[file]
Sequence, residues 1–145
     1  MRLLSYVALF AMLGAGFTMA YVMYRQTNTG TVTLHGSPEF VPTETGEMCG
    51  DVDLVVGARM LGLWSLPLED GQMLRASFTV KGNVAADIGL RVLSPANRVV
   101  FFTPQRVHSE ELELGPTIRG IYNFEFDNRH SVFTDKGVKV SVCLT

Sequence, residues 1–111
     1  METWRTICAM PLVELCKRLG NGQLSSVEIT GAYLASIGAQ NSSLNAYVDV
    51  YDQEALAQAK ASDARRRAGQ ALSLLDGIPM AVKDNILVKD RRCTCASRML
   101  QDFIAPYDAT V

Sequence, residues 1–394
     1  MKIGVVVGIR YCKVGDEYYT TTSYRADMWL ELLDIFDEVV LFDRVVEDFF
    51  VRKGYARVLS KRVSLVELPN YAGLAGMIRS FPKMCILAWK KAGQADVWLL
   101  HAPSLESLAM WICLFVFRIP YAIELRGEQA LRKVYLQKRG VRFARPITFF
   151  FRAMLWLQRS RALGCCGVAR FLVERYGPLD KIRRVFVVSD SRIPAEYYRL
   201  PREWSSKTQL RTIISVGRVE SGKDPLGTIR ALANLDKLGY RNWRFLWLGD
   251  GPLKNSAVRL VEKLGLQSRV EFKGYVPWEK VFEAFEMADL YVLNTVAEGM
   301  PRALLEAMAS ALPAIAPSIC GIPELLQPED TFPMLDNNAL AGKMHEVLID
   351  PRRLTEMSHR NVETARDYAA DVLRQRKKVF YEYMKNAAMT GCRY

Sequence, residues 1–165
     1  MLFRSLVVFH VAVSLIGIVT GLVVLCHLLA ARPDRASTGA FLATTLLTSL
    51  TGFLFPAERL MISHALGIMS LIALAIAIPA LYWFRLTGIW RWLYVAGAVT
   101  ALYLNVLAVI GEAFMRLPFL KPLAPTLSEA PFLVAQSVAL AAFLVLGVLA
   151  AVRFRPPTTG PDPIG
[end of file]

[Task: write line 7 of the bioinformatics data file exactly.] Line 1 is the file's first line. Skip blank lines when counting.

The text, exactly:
    51  YDQEALAQAK ASDARRRAGQ ALSLLDGIPM AVKDNILVKD RRCTCASRML